While Minnesota’s solar garden program is growing at a nice clip, renewable-energy advocates fear it will no longer be able to attract residential subscribers.
So, they petitioned utility regulators for an incentive payment to lure more households.
The Minnesota Public Utilities Commission (PUC) on Thursday obliged, voting unanimously to allow the incentive, but not at the level advocates wanted. The commission conceded it would add costs — albeit small — to the solar garden program.
The state attorney general’s office, which represents ratepayers at the PUC, had opposed a residential incentive at this time, precisely because it would add costs, which are ultimately borne by Xcel Energy customers who aren’t part of the solar garden program.
In the end, developers and solar power advocates were pleased they got something but wondered if it will work.
“My fear is that it’s not going to be enough to move the needle in driving the market toward more residential,” Ross Abbey, of solar garden developer U.S. Solar, said after the vote. “It’s disappointing.”
The legislatively mandated solar garden program, launched in 2014, is aimed at distributing solar power in Xcel Energy’s service territory to households or businesses that don’t want to build solar arrays on their roofs. Instead, they buy subscriptions to the independently developed solar gardens. Xcel administers the program.
After being mired in delays for more than two years, the program took off over the past 18 months, and now there are 134 community solar gardens, with the capacity to produce a total of 445 megawatts of power. That’s about the same as one of Xcel’s larger natural gas-fired power plants, though solar power can only be generated when the sun is out.
Currently, residents make up about 81 percent of the 9,405 solar garden subscriptions, though they comprise only 10 percent of the gardens’ power subscription capacity. The rest goes primarily to commercial subscribers.
Customers receive a credit on their bills for subscribing to the solar gardens. So far, the gardens that have come online — and most of those expected to open during the next year — have been built utilizing what’s called an “average retail rate,” which is used to set the credits.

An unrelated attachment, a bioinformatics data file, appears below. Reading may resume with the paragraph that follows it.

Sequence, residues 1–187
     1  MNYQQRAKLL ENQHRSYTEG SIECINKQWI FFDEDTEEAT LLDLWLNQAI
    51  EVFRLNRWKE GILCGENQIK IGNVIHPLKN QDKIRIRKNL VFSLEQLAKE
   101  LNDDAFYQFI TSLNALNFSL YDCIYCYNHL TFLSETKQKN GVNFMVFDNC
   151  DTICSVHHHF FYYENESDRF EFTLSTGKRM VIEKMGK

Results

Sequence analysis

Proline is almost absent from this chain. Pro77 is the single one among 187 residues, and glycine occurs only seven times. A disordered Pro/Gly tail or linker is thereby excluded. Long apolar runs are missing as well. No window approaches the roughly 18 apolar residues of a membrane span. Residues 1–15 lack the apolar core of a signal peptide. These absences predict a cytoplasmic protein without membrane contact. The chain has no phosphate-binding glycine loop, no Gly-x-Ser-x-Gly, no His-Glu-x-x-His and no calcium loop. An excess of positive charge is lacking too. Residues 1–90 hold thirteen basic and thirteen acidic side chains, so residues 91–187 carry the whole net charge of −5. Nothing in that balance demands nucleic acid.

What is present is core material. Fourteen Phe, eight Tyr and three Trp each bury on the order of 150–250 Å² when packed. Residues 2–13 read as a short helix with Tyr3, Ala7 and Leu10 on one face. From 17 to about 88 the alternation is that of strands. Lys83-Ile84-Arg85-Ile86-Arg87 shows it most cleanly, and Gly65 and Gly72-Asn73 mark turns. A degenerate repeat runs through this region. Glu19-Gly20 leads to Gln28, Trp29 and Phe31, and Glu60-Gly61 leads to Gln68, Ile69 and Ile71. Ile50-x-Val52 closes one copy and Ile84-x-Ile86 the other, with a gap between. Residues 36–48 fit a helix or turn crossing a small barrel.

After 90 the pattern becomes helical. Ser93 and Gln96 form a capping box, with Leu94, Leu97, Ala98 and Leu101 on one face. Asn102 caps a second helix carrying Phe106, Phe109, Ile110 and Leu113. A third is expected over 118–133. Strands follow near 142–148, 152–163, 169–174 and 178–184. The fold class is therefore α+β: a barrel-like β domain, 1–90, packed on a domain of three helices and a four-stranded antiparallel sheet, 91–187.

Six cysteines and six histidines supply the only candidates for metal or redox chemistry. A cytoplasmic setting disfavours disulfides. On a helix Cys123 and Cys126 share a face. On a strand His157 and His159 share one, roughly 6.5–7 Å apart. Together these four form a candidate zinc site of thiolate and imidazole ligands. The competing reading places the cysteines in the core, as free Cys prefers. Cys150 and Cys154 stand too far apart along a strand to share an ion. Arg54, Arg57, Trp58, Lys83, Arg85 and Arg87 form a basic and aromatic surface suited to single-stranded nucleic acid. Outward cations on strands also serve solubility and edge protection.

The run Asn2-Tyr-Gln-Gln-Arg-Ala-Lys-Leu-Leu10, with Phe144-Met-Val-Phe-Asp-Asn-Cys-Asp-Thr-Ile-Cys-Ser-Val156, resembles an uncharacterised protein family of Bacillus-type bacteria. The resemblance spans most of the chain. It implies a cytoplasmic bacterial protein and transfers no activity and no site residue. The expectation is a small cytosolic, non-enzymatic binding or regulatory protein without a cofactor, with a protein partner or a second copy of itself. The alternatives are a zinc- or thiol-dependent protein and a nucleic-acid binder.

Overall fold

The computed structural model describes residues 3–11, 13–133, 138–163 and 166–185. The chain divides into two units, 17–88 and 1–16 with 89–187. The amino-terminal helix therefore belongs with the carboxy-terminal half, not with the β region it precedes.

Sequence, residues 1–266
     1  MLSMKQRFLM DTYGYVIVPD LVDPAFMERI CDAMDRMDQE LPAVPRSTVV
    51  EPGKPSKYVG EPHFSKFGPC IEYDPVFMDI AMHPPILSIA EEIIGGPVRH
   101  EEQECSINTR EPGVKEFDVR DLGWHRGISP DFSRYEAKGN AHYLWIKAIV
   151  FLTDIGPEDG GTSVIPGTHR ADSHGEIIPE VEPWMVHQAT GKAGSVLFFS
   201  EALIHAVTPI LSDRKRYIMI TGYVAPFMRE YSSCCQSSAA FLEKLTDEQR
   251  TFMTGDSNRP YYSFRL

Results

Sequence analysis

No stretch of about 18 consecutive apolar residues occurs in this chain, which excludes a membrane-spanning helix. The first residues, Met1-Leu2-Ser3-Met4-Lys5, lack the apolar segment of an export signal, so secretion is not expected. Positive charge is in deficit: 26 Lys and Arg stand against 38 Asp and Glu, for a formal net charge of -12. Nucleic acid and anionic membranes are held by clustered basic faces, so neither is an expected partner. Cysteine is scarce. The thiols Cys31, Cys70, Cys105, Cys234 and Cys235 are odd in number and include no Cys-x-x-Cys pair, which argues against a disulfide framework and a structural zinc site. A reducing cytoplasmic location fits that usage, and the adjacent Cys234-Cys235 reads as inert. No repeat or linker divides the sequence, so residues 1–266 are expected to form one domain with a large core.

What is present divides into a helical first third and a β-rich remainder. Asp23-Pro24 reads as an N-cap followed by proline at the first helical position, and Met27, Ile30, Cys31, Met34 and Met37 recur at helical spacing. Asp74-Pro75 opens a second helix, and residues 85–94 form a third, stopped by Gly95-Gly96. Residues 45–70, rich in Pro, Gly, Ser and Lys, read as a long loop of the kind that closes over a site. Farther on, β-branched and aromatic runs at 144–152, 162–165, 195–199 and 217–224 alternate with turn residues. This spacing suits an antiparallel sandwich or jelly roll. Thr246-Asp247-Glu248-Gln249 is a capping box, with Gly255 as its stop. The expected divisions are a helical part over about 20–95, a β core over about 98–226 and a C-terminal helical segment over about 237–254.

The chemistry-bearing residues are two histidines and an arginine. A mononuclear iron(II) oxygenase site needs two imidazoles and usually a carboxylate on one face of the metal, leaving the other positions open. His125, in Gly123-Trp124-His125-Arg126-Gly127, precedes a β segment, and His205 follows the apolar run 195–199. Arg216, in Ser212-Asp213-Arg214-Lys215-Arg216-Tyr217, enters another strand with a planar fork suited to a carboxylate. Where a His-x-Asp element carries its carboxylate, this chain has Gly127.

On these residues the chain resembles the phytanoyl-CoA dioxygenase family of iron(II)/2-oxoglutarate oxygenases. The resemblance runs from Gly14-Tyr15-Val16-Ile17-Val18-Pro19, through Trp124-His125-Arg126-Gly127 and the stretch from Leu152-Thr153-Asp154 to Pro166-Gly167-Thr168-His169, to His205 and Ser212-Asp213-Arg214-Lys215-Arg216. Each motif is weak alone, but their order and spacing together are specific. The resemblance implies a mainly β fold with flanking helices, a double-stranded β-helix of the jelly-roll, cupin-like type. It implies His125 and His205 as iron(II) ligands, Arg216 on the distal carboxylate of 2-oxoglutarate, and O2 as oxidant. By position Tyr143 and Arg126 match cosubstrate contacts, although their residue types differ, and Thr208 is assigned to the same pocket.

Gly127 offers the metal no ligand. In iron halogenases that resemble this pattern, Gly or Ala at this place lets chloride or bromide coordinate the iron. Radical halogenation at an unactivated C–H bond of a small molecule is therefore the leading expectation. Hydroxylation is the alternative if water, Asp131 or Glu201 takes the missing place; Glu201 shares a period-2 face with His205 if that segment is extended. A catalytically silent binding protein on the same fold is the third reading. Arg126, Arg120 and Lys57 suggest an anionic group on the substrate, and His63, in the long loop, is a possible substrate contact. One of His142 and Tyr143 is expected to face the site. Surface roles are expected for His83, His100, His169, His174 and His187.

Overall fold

But the average retail rate was only meant to be temporary. It has since been replaced by a “value of solar,” or VOS rate, which takes into account such benefits as electricity generation that’s free of greenhouse gas and other toxic emissions.
Minnesota was the first state to adopt a VOS rate, and it hosts one of the nation’s premier solar garden programs.
However, the VOS rate, which is set annually, is lower than the average retail rate — a gap that will be about 4 cents per kilowatt in 2019. That means the credits to subscribers will be lower.
And residential electricity subscribers are already more expensive to recruit and retain than commercial customers, solar developers say.
“Without a residential [incentive] we’ll just have to sell it all to commercial,” Abbey said. He and others argue that the spirit of the solar garden legislation was to bring clean energy to households.
The proposal before the PUC would have created a 2.5 cents per kilowatt hour “adder” in 2018 to a residential customer’s bill credit, a bridge of sorts between the VOS rate and the average retail rate, and then adders at other rates for 2019 and 2020. The PUC adopted a 1.5 cents per kilowatt incentive for 2019 and 2020 only.
Subscribers to community solar gardens often pay rates that are less than or the same as those paid by Xcel Energy’s customers in general. But the community solar gardens are a relatively expensive source of power, so part of their costs are relayed to all Xcel ratepayers through the fuel clause on their monthly bills.
“What is often missed is that the shortfall gets picked up by everyone else,” Ryan Barlow, an assistant attorney general for Minnesota, told the PUC.
The total solar garden costs borne by Xcel customers through the fuel clause was $40.5 million from July 2017 through June 2018, according to data the company presented Thursday. Those costs comprise about 1 percent of an individual customer’s bill, Xcel officials said.
In 2019, with a few hundred more megawatts of solar garden power coming online, the cost to all Xcel ratepayers will be up to $170 million, company executives told the PUC. That would equate to 4 to 5 percent of the average residential customer’s bill, the executives said after the meeting.
The incentive approved by the PUC Thursday is likely to add only a few million dollars in extra annual costs for solar garden program, testimony at the meeting indicated. “I don’t think it’s breaking the bank if it means 5 or 10 cents more on my bill,” said commissioner John Tuma at Thursday’s meeting.